Single Style / Off to the Races Alone

The Yomiuri Shimbun
The horses run past cheering spectators at the Tokyo Racecourse in Fuchu, Tokyo.

The participants in the horse racing introductory seminar were mostly women. Visitors predict race results and relax in the women-only Umajo Spot. Beautiful thoroughbred horses are on display in the paddock. You may want to keep admiring them for a long time.


Eating out alone. Going to a movie alone. Singing karaoke alone. There are more and more places where you can have a good time on your own, but going to a horse racetrack alone might seem intimidating for a lot of women. After all, the sport has an image of being mostly associated with men. To find out if I would feel out of place or if I could enjoy myself there, I recently visited Tokyo Racecourse in Fuchu, Tokyo.

On a sunny Saturday in November, I paid the ¥200 entrance fee and got into the racetrack shortly before noon. I was immediately overwhelmed by how spacious it was.

The racetrack was striking, with its large, grassy lawn and high grandstands. There were no tall buildings or elevated structures nearby to obstruct the view of the blue sky above. It was an extraordinary place. I had heard that it’s the largest of the 10 Japan Racing Association (JRA) tracks in the country.

First, I attended a free introductory seminar. To my surprise, 11 of the 12 participants, including myself, were women. After learning how to buy betting tickets and other things, we were given a tour of the facility. In the paddock, where visitors can get a closer look at the horses just before a race, we were told some tips to decide which horse to bet on. This was the most useful part of the tour for me.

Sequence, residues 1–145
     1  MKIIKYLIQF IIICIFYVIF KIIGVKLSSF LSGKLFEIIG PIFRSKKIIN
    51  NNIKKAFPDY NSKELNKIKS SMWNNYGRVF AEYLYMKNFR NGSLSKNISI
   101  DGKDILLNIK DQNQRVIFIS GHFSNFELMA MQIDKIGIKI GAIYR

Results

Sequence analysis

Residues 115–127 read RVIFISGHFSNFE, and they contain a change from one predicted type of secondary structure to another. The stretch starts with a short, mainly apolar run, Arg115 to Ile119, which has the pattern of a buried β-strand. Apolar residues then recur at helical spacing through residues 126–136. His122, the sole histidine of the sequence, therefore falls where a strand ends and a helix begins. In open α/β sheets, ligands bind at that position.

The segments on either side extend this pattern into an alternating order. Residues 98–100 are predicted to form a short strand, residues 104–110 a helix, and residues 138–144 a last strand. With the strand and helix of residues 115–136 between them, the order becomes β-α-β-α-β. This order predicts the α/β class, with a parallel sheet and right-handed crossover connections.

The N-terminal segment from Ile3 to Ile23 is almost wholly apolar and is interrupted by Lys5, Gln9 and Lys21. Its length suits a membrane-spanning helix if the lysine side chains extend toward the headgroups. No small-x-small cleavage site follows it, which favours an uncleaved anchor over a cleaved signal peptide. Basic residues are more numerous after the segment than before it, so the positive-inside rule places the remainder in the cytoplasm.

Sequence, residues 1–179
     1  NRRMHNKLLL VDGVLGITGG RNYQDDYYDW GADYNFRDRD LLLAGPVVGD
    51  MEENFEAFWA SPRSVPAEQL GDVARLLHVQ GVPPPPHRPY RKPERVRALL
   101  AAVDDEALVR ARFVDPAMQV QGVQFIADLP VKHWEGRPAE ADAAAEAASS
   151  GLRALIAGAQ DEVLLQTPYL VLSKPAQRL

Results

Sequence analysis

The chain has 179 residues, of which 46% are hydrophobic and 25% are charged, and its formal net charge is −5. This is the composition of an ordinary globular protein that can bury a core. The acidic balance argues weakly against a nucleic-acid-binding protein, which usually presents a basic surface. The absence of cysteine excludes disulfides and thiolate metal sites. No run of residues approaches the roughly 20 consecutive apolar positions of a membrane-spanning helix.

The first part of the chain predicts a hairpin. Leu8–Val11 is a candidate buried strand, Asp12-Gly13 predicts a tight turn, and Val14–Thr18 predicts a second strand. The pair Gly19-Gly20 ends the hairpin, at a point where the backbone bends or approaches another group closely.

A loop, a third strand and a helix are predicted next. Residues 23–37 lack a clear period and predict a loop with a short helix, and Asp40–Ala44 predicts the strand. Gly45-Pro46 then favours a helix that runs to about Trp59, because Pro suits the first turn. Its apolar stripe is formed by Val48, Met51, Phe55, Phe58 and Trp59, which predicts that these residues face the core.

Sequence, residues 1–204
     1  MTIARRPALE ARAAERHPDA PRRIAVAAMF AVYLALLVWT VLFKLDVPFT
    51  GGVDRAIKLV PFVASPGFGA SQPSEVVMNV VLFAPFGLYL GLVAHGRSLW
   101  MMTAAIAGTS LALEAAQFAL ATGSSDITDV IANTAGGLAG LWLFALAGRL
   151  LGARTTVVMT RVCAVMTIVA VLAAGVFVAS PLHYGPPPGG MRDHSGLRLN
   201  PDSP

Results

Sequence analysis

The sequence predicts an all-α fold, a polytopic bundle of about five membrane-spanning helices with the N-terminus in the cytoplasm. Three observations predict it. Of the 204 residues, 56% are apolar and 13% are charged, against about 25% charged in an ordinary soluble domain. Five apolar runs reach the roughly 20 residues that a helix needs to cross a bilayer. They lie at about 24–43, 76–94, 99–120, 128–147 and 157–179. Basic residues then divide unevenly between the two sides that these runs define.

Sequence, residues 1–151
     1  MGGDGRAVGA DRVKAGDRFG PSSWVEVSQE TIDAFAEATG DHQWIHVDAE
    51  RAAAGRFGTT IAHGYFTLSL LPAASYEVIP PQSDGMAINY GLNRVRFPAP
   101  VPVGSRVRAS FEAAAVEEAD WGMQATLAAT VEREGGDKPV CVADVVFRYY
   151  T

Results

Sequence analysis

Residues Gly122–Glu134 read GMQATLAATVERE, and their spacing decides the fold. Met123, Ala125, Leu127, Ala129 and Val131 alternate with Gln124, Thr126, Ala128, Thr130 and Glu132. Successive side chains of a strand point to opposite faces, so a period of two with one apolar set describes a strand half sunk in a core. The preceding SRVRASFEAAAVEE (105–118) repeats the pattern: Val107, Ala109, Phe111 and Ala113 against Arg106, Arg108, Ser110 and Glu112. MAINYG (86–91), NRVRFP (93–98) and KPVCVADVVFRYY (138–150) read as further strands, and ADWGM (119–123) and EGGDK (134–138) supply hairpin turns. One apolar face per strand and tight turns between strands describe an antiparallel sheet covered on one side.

According to the instructor, Mayumi Takeyama, “Energetic horses walk with gusto on the outer part of the paddock. The horses with tight buttocks are in good shape.”

She also told us to pay attention to what the grooms, who lead the horses into the paddock ahead of a race, were wearing. What she meant was that grooms who are confident that their horses will win dress well to prepare for the awards ceremony afterward. It’s a unique way of looking at things, I thought.

After the seminar, I looked around the stands. Most of the people there were men, just as I had expected, but there were also several women here and there at the front, each holding a camera.

One of them, Minami Yokoshima, a 22-year-old company employee from Kasukabe, Saitama Prefecture, said, “I try to capture the liveliness of the running horses and the expressions of my favorite jockeys.” She also says that she sometimes takes photos all day while sitting on a folding chair that she brings.

The Yomiuri Shimbun
Minami Yokoshima snaps pictures of horses and jockeys with her camera.

Well-toned muscles. A glossy coat. Absorbing eyes. Just appreciating these features on beautiful thoroughbred horses without even considering winning or losing can be enjoyable.

“Everyone here is so absorbed in the races that I’ve never worried about whether or not I seem out of place,” said Makiko Kotajima, 54, from Kunitachi, Tokyo, who was there alone and has been a horse racing fan for 25 years.

The Yomiuri Shimbun
“It’s interesting to watch people at the racecourse,” says Makiko Kotajima.